;


Roundup Top Ten for May 29, 2020

Roundup




Why Does the Minneapolis Police Department Look Like a Military Unit?

by Philip V. McHarris

The violent response to protests by the Minneapolis Police Department show how police departments that have been granted subsidized access to military equipment have adopted a posture of battle against civilians. 

 

Immigrant Workers Have Borne the Brunt of COVID-19 Outbreaks at Meatpacking Plants

by Anya Jabour

The COVID-19 epidemic should remind us of the hazards faced by immigrant meatpacking workers a century ago, and the labor and industry reforms needed to secure their safety.

 

 

How the Disappearance of Etan Patz Changed the Face of New York City Forever

by Paul Renfro

Concerns about the “safety” and “security” of specific children—particularly those who resemble Etan Patz—played a considerable role in New York’s extraordinary late twentieth-century transformation.

 

 

COVID-19 Didn’t Break the Food System. Hunger Was Already Here.

by Carla Cevasco

The COVID-19 pandemic is revealing the hunger underneath the rhetoric of American plenty.

 

 

Understanding the Origins of American Gun Culture Can Help Reframe Today’s Gun Debate

by Jim Rasenberger

The past is a morally untidy place. As a result, it is also a place, perhaps the last one left, where we can meet and lower our weapons for a while. 

 

 

There’s No Historical Justification for One of the Most Dangerous Ideas in American Law

by Julian Davis Mortenson and Nicholas Bagley

The delegation of regulatory power to federal agencies is the indispensable foundation of modern American governance. And it is under siege.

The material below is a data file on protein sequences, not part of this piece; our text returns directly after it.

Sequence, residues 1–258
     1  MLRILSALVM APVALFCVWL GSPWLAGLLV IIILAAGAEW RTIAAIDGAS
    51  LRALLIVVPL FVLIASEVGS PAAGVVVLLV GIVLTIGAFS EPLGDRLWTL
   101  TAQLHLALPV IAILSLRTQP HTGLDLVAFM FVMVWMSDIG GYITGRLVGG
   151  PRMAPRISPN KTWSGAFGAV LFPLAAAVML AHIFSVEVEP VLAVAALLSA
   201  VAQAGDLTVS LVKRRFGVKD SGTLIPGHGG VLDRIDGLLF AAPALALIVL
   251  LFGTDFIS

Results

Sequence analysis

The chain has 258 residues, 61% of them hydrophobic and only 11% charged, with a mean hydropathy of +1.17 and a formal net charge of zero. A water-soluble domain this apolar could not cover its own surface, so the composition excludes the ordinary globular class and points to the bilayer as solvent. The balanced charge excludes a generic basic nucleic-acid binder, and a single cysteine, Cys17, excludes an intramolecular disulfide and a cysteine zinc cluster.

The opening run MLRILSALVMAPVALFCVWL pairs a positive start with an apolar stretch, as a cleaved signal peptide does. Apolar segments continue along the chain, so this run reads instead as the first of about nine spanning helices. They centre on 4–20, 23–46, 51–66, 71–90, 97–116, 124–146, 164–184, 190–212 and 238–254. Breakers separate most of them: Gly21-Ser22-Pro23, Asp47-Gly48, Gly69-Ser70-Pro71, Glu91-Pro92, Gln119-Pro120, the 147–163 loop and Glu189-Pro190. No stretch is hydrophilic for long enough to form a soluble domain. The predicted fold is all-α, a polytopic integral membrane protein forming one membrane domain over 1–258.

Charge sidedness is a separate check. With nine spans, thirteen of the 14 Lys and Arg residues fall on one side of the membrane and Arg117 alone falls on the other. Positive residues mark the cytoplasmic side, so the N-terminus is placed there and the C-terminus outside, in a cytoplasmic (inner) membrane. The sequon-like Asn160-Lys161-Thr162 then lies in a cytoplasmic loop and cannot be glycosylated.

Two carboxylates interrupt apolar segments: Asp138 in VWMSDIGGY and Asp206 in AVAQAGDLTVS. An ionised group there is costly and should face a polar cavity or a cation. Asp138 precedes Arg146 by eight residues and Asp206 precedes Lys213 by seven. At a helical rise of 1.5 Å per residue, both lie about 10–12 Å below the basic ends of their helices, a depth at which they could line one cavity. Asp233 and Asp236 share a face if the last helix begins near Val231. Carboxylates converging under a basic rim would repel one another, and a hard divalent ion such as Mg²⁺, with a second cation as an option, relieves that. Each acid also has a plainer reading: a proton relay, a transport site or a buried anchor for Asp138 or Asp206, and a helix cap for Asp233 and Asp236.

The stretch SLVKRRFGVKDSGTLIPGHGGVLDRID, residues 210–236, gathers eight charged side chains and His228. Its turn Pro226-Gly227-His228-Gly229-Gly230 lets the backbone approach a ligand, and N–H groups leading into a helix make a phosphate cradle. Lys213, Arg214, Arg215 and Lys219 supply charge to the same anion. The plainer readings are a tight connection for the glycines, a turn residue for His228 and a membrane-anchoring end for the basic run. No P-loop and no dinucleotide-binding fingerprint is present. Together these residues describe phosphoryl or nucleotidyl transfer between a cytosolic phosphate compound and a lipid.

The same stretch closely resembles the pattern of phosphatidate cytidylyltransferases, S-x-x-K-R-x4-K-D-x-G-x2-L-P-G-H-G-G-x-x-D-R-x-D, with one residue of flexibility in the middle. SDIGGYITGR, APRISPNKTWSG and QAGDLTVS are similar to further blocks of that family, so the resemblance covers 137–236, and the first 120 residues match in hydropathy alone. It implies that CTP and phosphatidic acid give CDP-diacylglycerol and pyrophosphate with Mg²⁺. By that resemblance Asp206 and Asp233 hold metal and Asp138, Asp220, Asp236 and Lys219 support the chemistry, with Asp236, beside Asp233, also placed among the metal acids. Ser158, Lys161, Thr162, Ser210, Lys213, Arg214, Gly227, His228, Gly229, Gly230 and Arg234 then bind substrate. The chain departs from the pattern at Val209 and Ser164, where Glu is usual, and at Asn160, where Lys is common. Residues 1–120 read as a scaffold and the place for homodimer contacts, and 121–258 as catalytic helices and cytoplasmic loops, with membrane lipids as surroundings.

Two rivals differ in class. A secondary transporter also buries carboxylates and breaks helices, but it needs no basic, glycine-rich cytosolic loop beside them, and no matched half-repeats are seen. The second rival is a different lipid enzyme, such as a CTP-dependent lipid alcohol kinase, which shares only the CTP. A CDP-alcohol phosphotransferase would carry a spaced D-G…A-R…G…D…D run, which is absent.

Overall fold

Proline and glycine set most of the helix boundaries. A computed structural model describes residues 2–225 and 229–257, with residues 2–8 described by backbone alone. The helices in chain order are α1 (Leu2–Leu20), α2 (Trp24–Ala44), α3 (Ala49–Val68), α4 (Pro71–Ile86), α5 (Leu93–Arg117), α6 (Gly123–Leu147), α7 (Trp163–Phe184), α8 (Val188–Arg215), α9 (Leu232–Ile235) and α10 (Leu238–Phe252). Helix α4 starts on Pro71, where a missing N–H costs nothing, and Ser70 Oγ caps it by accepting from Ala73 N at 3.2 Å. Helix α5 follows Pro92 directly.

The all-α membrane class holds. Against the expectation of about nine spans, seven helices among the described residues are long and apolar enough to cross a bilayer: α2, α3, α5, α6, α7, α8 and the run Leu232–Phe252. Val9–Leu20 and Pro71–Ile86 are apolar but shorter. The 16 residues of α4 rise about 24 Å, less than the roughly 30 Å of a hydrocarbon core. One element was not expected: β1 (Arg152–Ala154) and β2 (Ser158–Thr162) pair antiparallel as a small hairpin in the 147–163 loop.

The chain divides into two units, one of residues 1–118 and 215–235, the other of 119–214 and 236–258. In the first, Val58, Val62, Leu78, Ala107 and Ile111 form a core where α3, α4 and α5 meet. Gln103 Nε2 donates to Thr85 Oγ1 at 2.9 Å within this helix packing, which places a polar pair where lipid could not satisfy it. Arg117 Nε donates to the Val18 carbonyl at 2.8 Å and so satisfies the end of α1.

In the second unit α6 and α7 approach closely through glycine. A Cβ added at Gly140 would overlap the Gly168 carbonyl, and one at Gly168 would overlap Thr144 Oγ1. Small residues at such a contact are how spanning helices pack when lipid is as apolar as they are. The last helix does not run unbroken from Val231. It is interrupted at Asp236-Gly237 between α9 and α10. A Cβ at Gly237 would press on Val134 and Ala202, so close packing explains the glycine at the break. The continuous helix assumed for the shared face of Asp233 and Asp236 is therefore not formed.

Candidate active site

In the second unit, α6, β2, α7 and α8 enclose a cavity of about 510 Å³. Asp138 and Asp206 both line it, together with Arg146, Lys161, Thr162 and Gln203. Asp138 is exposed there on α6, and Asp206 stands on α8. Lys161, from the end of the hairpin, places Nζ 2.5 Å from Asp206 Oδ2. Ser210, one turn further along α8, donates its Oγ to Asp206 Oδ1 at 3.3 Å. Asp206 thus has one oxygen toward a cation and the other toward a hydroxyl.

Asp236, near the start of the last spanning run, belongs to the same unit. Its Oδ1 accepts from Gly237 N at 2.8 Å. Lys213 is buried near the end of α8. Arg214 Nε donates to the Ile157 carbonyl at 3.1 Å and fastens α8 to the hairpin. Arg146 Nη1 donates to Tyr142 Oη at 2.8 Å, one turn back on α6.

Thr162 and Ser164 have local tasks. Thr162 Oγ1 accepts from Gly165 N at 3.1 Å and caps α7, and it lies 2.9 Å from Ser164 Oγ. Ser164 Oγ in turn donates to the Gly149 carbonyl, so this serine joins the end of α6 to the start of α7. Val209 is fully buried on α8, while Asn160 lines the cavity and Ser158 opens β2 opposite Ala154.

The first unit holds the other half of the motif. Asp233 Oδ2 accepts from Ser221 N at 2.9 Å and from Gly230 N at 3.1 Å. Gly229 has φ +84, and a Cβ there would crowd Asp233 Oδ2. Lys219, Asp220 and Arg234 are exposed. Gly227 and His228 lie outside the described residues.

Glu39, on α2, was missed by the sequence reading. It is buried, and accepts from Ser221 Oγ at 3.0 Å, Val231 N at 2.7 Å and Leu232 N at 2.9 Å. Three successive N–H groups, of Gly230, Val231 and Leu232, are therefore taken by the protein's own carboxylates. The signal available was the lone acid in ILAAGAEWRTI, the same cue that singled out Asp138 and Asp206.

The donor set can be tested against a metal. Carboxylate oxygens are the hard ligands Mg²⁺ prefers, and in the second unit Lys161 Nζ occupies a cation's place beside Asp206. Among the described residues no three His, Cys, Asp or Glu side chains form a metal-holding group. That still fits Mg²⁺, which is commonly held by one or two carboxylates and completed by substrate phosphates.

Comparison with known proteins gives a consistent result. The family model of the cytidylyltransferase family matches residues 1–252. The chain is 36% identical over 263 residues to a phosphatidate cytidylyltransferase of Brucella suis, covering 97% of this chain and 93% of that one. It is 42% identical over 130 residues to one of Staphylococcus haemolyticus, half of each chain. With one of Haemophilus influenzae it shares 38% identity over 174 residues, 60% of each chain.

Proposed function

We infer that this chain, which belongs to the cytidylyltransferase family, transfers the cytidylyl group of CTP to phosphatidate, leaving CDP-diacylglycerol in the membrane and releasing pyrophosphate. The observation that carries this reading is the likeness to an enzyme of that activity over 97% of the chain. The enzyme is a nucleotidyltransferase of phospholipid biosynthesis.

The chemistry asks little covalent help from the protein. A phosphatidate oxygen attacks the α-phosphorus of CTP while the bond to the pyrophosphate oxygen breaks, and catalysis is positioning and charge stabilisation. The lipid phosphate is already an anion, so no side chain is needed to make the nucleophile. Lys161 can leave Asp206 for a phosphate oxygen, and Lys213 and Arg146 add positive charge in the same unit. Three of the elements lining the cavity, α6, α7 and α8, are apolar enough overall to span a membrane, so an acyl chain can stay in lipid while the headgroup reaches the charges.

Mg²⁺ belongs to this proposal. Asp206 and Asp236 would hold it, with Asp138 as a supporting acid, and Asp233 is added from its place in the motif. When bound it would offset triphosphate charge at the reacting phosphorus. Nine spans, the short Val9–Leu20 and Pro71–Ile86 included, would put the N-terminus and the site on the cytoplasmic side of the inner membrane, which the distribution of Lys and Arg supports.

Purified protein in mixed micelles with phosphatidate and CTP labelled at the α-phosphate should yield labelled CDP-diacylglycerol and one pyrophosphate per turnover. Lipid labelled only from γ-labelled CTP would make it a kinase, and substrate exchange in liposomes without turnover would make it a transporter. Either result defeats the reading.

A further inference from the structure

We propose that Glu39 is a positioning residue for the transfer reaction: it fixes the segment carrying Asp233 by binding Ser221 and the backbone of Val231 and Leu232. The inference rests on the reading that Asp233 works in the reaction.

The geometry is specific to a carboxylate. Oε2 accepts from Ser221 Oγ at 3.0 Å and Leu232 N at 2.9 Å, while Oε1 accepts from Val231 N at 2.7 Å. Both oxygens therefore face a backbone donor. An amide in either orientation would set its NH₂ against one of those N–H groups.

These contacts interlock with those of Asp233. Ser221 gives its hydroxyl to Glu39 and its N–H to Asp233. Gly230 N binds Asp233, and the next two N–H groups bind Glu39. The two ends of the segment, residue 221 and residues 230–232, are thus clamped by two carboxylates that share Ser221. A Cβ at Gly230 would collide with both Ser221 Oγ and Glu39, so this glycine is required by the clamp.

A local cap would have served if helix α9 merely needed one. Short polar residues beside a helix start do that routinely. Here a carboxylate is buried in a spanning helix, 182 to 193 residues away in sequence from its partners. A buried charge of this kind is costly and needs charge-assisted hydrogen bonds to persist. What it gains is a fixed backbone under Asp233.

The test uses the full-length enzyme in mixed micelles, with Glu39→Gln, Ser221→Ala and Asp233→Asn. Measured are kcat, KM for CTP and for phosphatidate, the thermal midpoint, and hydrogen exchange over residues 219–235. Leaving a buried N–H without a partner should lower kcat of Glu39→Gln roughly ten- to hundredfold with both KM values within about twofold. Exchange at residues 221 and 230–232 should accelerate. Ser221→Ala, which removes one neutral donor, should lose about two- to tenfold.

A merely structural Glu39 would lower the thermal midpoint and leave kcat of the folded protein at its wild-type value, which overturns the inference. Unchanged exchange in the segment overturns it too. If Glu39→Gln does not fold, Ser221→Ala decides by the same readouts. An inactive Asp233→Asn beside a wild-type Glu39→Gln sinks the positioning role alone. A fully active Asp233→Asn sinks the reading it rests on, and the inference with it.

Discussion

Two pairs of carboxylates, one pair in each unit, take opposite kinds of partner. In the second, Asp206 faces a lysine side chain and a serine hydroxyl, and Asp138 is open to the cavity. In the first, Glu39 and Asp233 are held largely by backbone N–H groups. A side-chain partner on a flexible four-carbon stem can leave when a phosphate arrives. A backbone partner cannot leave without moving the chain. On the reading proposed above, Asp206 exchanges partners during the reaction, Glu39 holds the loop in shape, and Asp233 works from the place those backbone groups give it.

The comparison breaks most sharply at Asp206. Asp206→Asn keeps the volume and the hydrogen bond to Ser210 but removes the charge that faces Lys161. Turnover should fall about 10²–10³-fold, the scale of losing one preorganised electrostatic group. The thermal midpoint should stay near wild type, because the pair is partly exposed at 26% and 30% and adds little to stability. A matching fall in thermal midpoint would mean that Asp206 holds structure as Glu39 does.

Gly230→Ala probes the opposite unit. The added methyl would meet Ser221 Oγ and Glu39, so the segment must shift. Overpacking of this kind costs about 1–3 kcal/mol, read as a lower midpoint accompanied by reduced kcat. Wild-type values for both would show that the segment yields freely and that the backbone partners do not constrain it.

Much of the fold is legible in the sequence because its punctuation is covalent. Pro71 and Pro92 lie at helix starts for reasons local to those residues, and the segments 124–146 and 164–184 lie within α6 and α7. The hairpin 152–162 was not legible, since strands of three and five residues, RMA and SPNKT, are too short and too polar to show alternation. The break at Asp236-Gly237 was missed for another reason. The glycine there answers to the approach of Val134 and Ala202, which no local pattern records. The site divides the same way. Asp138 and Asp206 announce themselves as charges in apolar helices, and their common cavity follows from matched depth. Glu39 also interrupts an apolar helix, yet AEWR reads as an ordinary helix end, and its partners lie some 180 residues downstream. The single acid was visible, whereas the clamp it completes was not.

’A Black Man in a White Space’: America has a Long and Troubled History of Segregated Public Parks

by Victoria W. Wolcott

Public spaces are infused with the power of history: the legacy of segregation, police brutality, and white supremacy. If there was ever a time that called for compassion in our shared spaces, it is now.

 

 

From Associate to Full Professor

by Keisha N. Blain

Although securing tenure and tenure-track jobs has received great attention lately, it is important that historians from underrepresented groups successfully pursue promotion to full professorship in their institutions to diversify leadership in the profession. 

 

 

The Link Between the Video of Ahmaud Arbery’s Death and Lynching Photos

by Grace Elizabeth Hale

Lynching images can only be created in a context where both killing and observing are allowed by law and society.

 

 

The Great Depression, Coronavirus Style: Crashes, Then and Now

by Nomi Prins

Monetary policy responses to the current crisis can't fix either the structural problems that make the economy vulnerable to severe disruption or the virus and public health crisis that underlie that disruption. Governments must choose to take coordinated action on multiple fronts. 

 


comments powered by Disqus